Therefore, I suggest simplifying things. As I was pondering this counsel, I was reminded of a true story. Once in Salt Lake City, Utah a woman sought Brigham Young’s advice. Someone told her to “go to hell” and she didn’t know what to do. The Mormon prophet's response was brief and wise and my inspiration for my resolution. He responded, “don’t.” I think that is some solid counsel. Therefore, no matter how long and exhaustive, or short and pathetic your list of resolutions is, I recommend “don’t go to hell” should be somewhere toward the top.

Anyway, as I say goodbye, remember to be tireless and determined. Winston Churchill said, “Never, never, no never give up.” And Confucius taught “A bird without vision is like a strand of seaweed floating aimlessly in a sea of . . . Oh look fudge!”

(Dec. 21, 2005)
By Chad Morris

Christmas is a time of many traditions. Some of these traditions make perfect sense to me. For example, cookies mysteriously appearing on my doorstep, presents, a plate of fudge mysteriously appearing on my doorstep, Christmas carols, and a plate of “you’re getting Muffins for Christmas” mysteriously appearing on my doorstep. That’s all perfectly logical. However, some of our yuletide habits have confused me. Now, I could go on a verbal rampage about middle-aged men voluntarily climbing up rickety old ladders to dangle a few lights from their rain gutters, or how people run extension cords across their lawns to bring to life an inflatable family of snowmen when there is plenty of real snow all over the place, but I think our time would be better spent talking about mistletoe.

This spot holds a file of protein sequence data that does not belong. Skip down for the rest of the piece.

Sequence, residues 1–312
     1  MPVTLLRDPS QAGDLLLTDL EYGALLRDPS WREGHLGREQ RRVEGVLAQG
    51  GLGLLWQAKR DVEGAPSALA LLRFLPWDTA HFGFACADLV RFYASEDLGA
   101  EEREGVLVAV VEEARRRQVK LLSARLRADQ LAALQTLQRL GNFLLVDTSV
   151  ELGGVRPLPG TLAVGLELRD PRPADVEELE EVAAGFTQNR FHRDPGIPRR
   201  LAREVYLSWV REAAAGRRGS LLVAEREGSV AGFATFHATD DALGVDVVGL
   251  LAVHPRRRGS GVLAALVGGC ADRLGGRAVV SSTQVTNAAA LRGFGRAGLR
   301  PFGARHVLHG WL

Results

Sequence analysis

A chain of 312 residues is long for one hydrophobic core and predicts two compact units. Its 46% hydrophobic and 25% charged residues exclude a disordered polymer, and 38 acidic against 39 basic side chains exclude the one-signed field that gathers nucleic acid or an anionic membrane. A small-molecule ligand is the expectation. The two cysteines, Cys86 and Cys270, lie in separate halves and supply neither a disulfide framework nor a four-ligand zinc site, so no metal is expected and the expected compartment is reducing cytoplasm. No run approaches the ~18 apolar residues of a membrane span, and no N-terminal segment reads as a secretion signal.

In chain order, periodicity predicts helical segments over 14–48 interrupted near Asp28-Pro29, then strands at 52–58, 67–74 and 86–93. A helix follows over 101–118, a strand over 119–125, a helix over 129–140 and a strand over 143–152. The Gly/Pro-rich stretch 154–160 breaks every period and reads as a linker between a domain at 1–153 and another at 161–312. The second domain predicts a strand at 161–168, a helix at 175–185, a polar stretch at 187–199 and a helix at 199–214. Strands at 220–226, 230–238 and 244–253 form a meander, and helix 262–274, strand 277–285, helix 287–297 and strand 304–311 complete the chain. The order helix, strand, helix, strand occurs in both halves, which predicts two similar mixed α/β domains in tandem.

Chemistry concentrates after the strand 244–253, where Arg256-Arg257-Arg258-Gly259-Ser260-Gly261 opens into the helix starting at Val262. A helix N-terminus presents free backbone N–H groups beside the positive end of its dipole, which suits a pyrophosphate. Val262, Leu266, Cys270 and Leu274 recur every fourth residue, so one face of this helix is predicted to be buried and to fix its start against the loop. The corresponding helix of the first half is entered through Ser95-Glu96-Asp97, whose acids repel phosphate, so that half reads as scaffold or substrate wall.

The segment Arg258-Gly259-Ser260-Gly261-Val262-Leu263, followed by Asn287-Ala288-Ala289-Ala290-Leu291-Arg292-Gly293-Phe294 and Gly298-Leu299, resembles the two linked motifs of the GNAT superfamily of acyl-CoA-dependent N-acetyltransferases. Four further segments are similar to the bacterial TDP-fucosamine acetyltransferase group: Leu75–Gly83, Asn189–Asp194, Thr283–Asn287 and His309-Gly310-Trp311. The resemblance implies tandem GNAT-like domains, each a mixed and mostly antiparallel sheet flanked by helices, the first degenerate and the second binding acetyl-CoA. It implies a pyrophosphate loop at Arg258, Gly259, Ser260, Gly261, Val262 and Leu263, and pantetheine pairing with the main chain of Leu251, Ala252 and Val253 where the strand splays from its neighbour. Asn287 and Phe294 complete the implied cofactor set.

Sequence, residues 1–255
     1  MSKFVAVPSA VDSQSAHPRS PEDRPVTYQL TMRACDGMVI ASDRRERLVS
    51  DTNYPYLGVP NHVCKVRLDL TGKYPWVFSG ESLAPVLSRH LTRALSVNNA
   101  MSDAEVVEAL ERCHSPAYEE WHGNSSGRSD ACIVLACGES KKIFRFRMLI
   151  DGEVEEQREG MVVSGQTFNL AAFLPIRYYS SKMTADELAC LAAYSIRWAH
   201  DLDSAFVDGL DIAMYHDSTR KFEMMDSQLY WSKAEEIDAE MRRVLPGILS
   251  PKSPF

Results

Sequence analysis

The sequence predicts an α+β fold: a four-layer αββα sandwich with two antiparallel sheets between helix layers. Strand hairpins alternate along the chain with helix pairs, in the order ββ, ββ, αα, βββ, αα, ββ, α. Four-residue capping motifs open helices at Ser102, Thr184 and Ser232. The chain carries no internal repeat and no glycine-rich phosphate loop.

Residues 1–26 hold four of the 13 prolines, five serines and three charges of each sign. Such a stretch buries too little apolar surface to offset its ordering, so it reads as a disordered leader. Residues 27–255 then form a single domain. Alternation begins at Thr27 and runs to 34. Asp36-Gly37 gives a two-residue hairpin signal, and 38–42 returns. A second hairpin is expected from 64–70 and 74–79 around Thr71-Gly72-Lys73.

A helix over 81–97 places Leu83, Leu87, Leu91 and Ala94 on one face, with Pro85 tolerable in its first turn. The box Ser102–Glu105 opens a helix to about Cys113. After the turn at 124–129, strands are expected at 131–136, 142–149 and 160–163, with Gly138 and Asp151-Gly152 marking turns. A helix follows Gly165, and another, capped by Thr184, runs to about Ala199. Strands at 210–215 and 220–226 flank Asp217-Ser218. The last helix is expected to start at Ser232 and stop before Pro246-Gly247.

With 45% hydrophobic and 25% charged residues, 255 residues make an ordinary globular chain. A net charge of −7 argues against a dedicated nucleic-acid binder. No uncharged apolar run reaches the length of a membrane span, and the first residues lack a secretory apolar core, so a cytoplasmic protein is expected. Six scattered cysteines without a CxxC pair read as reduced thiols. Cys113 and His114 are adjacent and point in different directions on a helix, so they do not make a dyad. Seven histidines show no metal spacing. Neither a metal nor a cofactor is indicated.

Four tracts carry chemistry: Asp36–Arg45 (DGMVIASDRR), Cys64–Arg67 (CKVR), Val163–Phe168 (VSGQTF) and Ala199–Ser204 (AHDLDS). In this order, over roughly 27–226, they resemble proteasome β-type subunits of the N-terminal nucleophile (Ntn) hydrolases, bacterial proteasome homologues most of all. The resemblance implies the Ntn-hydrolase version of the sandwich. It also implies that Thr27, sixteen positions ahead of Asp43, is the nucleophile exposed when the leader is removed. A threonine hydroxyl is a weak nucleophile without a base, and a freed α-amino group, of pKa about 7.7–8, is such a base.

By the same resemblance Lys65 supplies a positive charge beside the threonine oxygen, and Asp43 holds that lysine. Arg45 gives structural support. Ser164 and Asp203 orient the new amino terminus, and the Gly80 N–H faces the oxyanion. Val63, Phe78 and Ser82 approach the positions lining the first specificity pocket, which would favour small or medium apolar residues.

Now don’t get me wrong, I’m not saying that I don’t wholeheartedly approve of an excuse for a good snog (which is not a holiday drink, but English slang for a little smoochie smoochie. Haven’t you read Harry Potter? If you haven’t, did you hear that in book six Harry paused in a duel with Voldemort to tell him he was off his trolley, and called him a “evil cheeky duffer”? Voldemort promptly killed Harry while he was talking. This will bring on book seven - “The Revenge of Neville Longbottom.” Crazy huh? I never saw it coming.). It’s just that for the longest time I’ve had difficulty seeing the connection between standing under an odd plant and being obligated to kiss someone. First of all, the name mistletoe doesn’t exactly seem romantic, or even remotely plantlike. It sounds more like a badly named Decepticon, or a foot fungus.